Member states clash over redistribution of farm aid
By Ed Bray | Wednesday 27 June 2012
The battle over the future distribution of EU farm subsidies hardened on June 26, as a number of member states told the General Affairs Council that the proposed rate of convergence between differing support levels was insufficient, while Belgium sought to limit the shift. In a non-paper circulated among ministers during their discussions on the future multiannual financial framework (MFF), Belgium said that the rebalancing of direct payments across the EU “must be carried out over a sufficiently long time in order to allow farmers the time needed to adapt to the new situation”. “Undesirable destabilising effects” must be avoided for farmers in those member states that will be required to fund the fairer redistribution, Belgium said. But Estonia, Latvia and Lithuania – whose farmers currently receive some of the lowest farm payments per hectare in the EU – have said that faster rebalancing of payments must be a main element of the MFF ‘negotiating box’. Absence of such a clause would threaten a deal on the long-term budget, they said. Their statements come ahead of a protest by Latvian farmers, planned for 28 June in front of the EU Council, to criticise “the unfairness of the EU’s agricultural policy”.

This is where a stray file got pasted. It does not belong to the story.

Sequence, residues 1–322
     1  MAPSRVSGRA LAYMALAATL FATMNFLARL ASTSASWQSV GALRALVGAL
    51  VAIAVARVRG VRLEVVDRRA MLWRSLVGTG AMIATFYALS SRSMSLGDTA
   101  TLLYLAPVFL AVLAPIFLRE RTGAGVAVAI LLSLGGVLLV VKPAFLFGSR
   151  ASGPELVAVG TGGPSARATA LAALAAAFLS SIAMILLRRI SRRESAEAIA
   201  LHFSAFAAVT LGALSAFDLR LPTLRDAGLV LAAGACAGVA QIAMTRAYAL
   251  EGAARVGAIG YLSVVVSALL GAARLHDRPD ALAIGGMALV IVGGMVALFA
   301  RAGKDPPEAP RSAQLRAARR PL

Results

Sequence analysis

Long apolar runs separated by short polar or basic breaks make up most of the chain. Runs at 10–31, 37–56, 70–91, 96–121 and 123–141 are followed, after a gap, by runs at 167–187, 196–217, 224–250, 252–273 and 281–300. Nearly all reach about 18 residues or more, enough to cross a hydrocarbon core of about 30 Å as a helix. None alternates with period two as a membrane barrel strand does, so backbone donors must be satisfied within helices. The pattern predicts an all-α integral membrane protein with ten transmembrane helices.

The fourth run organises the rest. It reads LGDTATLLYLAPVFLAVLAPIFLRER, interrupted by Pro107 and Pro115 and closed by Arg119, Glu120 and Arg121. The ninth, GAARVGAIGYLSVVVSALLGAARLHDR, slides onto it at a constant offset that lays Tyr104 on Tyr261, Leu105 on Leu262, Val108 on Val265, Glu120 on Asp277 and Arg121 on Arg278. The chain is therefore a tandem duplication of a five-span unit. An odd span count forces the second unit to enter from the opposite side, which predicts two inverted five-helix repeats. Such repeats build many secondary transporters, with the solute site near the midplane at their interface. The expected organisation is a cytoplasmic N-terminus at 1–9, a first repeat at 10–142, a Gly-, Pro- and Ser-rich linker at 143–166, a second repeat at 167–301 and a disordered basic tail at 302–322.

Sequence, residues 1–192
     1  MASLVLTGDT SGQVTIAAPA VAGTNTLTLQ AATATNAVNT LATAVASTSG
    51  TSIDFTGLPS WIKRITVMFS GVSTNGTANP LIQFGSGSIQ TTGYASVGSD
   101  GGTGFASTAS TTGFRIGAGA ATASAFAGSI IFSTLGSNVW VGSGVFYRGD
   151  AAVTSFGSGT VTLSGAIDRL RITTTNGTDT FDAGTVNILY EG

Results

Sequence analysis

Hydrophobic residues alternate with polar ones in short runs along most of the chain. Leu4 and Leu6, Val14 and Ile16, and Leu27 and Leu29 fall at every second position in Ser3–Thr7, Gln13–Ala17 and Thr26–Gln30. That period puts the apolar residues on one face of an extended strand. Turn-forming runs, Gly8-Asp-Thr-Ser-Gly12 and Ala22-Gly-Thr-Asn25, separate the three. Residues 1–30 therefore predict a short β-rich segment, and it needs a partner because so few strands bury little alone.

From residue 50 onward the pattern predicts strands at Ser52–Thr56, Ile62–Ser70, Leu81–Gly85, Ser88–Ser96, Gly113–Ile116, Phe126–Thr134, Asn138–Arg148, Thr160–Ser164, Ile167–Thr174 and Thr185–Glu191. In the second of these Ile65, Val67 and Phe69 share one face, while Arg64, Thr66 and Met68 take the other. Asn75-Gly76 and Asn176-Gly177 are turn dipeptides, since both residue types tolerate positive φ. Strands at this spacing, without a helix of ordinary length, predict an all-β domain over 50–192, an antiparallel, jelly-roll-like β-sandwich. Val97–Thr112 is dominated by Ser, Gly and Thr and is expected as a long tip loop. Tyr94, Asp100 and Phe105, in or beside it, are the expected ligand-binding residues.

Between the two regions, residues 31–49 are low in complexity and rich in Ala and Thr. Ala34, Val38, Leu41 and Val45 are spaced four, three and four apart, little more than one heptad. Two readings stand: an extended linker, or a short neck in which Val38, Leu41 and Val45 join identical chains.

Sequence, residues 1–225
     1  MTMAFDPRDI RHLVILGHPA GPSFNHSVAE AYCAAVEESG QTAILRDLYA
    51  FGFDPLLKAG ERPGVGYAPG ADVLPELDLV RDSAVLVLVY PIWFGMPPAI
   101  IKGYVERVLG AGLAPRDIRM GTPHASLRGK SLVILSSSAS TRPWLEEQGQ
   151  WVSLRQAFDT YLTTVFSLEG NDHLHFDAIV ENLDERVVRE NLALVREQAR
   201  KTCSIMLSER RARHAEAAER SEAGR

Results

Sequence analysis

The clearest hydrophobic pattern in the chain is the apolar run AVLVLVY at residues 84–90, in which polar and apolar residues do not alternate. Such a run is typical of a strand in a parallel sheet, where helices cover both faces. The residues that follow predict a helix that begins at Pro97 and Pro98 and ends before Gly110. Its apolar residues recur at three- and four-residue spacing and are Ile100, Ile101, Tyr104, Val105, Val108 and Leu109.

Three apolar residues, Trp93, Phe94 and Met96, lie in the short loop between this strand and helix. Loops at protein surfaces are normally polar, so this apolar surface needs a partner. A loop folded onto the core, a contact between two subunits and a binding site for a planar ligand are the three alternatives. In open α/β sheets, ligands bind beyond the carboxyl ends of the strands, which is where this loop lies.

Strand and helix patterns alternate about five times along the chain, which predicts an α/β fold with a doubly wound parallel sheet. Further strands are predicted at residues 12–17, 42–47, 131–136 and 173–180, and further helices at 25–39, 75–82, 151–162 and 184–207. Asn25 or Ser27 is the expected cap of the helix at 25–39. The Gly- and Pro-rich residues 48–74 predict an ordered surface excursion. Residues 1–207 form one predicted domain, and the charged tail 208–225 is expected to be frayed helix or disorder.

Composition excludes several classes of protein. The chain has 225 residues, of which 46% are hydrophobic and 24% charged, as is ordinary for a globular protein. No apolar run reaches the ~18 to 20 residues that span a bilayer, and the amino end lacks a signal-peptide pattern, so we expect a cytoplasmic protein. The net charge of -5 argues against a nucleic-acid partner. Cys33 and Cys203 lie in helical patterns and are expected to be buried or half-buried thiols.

Under Commission proposals for reforming the Common Agricultural Policy, member states with above-average aid levels would be required in a proportionate way to fund the convergence, closing by one third the gap between below-average aid levels and 90% of the EU average by 2020. Belgium said this approach would have a “considerable harmful effect” on those countries that are required to contribute “disproportionally” more to the move. Instead, they said the member states should contribute in a linear way, with criteria such as labour costs and land prices taken into consideration. Contributions from each country should be capped at a maximum of 4%, they added. Meanwhile, Belgium has suggested that the redistribution of farm aid should cover amounts received under both Pillar 1 (direct aid) and Pillar 2 (rural development) simultaneously. “No member state should face losses in both pillars,” they said.
The suggestions – that gained some support from France and Italy during the MFF discussions – face stiff opposition from the newer member states, which say the proposed shift would still leave their farmers with unfair levels of support and leave them open to unreasonable competition. Poland, Portugal, Slovenia, Romania and Bulgaria added their strong support during the MFF talks, saying convergence should be faster.
Meanwhile, in another budget battle, more liberal-minded member states, such as the UK and Sweden, are backing a reference in the ‘negotiation box’ to a yearly linear cut to farmers’ direct aid - a move strongly rejected by Ireland, France, Spain and Austria. For their part, newer member states, such as the Czech Republic, Hungary, Slovakia and Poland, have said they would not oppose this approach if an amendment was included to exclude those countries with direct aid levels below the EU average.